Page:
Democrat and Chronicle: ‘Presumed consent’ idea for organ donation stirs debate
ALBANY — A Westchester County assemblyman whose daughter is a two-time kidney transplant recipient wants to flip New York’s organ-donation system on its head by presuming people are donors unless they indicate otherwise.
“What we have in New York is a completely failed system,” said Assemblyman Richard Brodsky, D-Greenburgh.
Polls have found that the majority of New Yorkers would like to be donors, yet just 13 percent of residents 18 and older are on the state Donate Life Registry. More than 9,600 people in the state need organ transplants, according to the New York Organ Donor Network. Last year, there were just 423 deceased organ donors in New York.
“People are dying in New York this week because we have failed to create a system that maximizes the opportunities to keep them alive,” Brodsky said.
He said his bills to implement “presumed consent” have sparked a lot of interest. People approach him about it everywhere he goes, and individuals and religious groups have raised legitimate concerns. Because of that, he’s not pushing the proposal this session, he said.
“What I’ve said to anybody, whether they like it or they don’t like it, we can’t sustain the current system,” said Brodsky, whose daughter, Julianne Willie Brodsky, received her second transplant four years ago.
He is working on other reforms on organ donations, such as requiring the state Department of Motor Vehicles to provide information on organ donations and creating an organ donation tax credit.
Brodsky, a candidate for state attorney general, co-sponsored legislation this session that would let people consent to giving an anatomical gift through an electronic signature. It passed both houses and goes to Gov. David Paterson for his consideration. Forty-five states allow electronic signatures for donor registries, the New York Organ Donor Network said.
Other states with low donor-registration rates are Texas (an estimated 2 percent), South Carolina (9 percent) and New Hampshire (10 percent), compared to 73 percent in Alaska, an April Donate Life America report found.
No states have “presumed consent” laws, although there have been attempts in several of them, including Maryland and Pennsylvania. Legislation is under consideration in Illinois. A bill was introduced in the Delaware Legislature two years ago.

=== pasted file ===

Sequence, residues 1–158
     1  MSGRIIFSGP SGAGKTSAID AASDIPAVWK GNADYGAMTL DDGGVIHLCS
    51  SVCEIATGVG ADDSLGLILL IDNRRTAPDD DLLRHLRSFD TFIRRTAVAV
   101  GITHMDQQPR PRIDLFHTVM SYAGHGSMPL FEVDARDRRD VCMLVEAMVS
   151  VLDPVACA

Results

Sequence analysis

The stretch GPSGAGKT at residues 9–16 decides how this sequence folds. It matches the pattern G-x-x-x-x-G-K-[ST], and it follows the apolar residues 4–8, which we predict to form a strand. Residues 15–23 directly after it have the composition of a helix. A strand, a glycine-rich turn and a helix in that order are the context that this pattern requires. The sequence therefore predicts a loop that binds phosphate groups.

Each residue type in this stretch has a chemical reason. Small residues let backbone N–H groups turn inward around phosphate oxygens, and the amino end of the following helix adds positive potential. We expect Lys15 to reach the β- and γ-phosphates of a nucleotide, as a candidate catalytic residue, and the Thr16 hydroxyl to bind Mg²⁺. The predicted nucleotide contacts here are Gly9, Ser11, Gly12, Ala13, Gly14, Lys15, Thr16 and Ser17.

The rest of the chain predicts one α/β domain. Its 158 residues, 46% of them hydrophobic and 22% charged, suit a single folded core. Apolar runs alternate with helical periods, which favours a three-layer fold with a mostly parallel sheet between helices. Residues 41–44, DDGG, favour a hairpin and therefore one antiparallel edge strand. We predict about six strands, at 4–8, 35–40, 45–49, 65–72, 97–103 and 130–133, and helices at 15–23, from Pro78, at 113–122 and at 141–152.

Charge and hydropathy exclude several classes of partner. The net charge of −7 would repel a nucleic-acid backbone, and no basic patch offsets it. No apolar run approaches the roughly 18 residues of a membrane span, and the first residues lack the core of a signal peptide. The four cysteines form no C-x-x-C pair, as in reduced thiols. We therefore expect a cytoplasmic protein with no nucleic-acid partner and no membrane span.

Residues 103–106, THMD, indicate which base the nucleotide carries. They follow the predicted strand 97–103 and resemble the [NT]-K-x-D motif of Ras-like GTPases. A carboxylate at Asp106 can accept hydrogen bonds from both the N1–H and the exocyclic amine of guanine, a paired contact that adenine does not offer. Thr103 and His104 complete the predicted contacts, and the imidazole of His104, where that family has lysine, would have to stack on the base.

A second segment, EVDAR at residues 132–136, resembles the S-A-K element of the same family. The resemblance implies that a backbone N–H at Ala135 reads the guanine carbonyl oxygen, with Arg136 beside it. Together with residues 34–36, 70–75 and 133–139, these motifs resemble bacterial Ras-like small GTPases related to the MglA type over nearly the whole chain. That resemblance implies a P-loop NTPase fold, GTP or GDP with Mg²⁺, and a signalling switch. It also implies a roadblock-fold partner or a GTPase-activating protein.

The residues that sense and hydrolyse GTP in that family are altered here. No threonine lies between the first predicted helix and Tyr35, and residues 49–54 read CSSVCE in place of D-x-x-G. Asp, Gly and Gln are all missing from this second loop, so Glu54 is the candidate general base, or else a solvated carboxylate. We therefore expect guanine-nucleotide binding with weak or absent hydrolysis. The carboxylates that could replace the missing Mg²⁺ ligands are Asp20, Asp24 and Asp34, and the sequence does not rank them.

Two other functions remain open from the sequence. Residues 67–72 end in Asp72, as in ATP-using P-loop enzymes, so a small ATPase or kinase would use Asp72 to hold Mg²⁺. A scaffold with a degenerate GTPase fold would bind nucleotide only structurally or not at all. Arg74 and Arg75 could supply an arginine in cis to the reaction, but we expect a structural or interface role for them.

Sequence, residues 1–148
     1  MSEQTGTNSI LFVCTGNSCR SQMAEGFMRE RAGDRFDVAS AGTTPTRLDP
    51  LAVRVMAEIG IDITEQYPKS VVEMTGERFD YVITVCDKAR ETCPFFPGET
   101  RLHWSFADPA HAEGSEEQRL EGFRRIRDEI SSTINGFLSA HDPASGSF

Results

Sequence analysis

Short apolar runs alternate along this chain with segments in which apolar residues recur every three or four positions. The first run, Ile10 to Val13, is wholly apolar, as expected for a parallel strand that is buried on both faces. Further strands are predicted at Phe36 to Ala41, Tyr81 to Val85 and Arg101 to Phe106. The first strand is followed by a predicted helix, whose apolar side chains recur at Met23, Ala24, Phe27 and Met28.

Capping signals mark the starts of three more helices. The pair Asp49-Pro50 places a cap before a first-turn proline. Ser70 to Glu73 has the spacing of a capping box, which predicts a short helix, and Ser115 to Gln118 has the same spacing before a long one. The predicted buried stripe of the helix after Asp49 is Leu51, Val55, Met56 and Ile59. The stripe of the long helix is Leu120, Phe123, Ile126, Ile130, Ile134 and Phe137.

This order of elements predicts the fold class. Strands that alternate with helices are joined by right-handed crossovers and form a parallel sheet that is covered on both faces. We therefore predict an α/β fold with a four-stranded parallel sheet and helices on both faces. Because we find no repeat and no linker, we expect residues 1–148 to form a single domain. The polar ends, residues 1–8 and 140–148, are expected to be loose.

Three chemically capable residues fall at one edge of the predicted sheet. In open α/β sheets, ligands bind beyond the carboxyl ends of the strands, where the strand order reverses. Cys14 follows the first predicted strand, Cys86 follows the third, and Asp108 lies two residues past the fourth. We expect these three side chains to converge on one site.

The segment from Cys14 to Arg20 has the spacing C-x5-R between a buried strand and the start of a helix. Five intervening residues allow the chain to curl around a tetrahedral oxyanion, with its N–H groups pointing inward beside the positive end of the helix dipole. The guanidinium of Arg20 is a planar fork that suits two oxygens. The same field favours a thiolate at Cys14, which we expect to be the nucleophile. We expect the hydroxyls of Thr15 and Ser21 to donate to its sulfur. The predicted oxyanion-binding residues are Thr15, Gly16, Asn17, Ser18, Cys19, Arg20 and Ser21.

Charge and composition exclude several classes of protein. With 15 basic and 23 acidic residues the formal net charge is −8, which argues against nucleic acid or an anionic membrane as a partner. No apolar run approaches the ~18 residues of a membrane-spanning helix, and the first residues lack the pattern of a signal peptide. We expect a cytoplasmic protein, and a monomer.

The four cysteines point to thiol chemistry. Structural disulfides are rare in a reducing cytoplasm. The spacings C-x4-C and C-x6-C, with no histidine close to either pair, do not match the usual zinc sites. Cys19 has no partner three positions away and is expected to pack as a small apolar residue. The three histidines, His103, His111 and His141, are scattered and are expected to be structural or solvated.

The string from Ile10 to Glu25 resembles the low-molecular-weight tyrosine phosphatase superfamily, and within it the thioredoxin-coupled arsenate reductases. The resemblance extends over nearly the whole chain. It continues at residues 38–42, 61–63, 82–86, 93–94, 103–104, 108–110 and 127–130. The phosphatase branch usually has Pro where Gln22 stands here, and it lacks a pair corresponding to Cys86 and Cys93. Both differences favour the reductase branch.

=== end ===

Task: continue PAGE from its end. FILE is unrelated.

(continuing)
A number of European nations, including France, Austria and Spain, have this kind of system in place, and they have seen an increase in organ availability, said Arthur Caplan, a bioethics professor at the University of Pennsylvania School of Medicine.
Polls have found that the majority of New Yorkers and Americans want to donate organs and tissues when they die, so the burden should be on the minority to opt out, Caplan said. A recent survey by the New York Alliance for Donation found 67 percent of state residents strongly support organ and tissue donation.
The use of the term “presumed consent” can make some people angry because they don’t want presumptions made about what happens after they die, Caplan said. He prefers to call it “default to donation.”
To get traction in this country, “It’s going to take one state to sort of jump out there and show that it works,” said Caplan, who has been working on the issue since 1983.
Organ-donation groups report that common objections to presumed consent are a belief that physicians may not work as hard to save them and that the government and health care systems would have too much power.
The Long Island Coalition for Life Inc. opposes Brodsky’s legislation, which is sponsored in the Senate by Senate Health Committee Chairman Thomas Duane, D-Manhattan.
“This legislation opens up the door to abuse via hastened death of vulnerable people and overriding of family concerns,” Jerome Higgins, chairman of the coalition, wrote in a memorandum to lawmakers. “It also goes a step further toward turning human organs into commodities. The sick and disabled need to be protected, not exploited for their body parts.”
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